How to Prepare for Your Adventure in the Brazilian Amazon

Before you go, find out what to pack, how to stay healthy, the types of wildlife you will encounter and weather expectations for your trip to the Amazon.

Photo © Getty Images/felipefrazao

Covering more than 2.1 million square miles of tropical terrain, the Amazon rainforest's biodiversity is mind-boggling. Eight of the world’s twenty longest rivers are located in the Amazon basin, where a fifth of Earth's fresh water is found.

More than 20% of the planet's oxygen is produced by the Amazon, but the Amazon floor is a dark place due to the incredibly dense canopy. Regardless of how you experience the legendary rivers, always travel in a group, preferably with a knowledgeable and reputable tour guide.

To visit the rainforest you have two options, you can go thought Belêm (Pará State) or Manaus (Amazônia State). The best place to start is Manaus, with a good range of accommodation options and easy access from major Brazilian airports.

Here are some tips to stay safe and healthy while exploring the 'lungs of the earth'. 

How to Stay Healthy in the Amazon

Even if you have a steel like immune system, the Amazon is definitely no picnic when it comes to matters of health and hygiene. The Amazon’s waters teem with parasites and amoebas that can seriously mess with your delicate Western immune system and lead, at best, to that vexing trilogy of vomit, fever and diarrhea, at worst to dysentery, typhoid and cholera. provoke acute and, at times, fatal diseases like Chagas Disease.

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The cone-nose (or kissing bug) carries a parasite which transmits the disease. Symptoms include fever, vomiting, skin rash, body aches and more. Chagas Disease is present in 21 Latin American countries and results in about 12,500 deaths a year worldwide.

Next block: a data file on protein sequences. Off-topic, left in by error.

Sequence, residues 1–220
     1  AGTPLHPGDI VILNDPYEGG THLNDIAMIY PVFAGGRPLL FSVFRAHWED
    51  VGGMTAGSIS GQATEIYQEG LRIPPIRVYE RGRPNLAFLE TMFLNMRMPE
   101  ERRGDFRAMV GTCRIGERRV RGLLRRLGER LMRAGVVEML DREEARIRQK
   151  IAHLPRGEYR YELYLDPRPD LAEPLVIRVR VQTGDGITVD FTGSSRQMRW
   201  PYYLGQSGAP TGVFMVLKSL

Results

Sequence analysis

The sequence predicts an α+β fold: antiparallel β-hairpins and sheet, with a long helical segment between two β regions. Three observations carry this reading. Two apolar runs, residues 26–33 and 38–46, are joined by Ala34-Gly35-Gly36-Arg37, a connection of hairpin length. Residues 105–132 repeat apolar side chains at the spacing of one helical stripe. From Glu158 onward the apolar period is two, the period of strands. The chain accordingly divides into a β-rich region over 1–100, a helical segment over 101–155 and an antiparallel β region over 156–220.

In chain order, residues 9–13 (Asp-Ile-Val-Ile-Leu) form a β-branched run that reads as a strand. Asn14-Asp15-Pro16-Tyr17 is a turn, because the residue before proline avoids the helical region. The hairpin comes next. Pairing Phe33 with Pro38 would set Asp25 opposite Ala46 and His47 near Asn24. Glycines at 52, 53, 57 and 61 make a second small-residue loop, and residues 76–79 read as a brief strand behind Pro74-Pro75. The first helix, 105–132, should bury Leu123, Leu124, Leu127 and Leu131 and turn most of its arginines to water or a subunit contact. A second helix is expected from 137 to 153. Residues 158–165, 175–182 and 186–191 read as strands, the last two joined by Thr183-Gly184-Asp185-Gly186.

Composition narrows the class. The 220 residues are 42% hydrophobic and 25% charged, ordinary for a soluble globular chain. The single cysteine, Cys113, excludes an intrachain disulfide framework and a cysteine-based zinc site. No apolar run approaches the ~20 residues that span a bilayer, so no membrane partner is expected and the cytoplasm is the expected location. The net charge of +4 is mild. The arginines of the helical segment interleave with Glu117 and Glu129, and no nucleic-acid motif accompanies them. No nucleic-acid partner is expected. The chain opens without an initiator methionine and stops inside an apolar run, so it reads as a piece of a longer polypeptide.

Of these pesky parasites, it’s the dreaded trematodes that strike fear into the hearts of travelers keen to penetrate the jungle. Also known as flukes, and named for their massive suckers, they are generally found in pools and other contaminated waters. Trematodes burrow their way directly into your body, if you choose, for example to wade through a swamp. Be sure to wear long pants and boots if your journey involves passing through a swamp.

They can also pass into your system through consuming contaminated water. Always treat your water before consuming it.

Take the customary precautions and make sure your food is fresh and properly washed to reduce your chances of getting sick. Carry a travel first aid kit including medicine that will treat diarrhoea and fevers. Where possible also have access to a local pharmacy in case you require stronger medication. For travelers to the Amazon, the biggest (and often life-threatening) threat comes from mosquitoes carrying malaria and yellow fever. Always make sure you are up to date on the recommended vaccinations before you travel and consult the Center for Disease Control for latest advisories concerning your risks of being exposed to malaria.

What to Wear in the Amazon

Long-sleeved shirts, long pants, sturdy hiking boots, a wide-brimmed hat and a waterproof jacket are essential gear for jungle trekking.

Apply DEET strength insect repellent and keep your skin covered as much as possible to avoid insect bites (they are rapacious). For a good night’s sleep a mosquito net and ear plugs (to muffle to sound of gnats buzzing in your ear) might help.

Treat any wounds as soon as possible to avoid infection. Always shake out your boots or shoes before you put them on, in case any creatures have made them home for the night.

What Wildlife Will I See in the Amazon?

This is one of the most species-rich places on earth – to give you a sense of the magnitude, the Negro River has more species than all the rivers in Europe combined.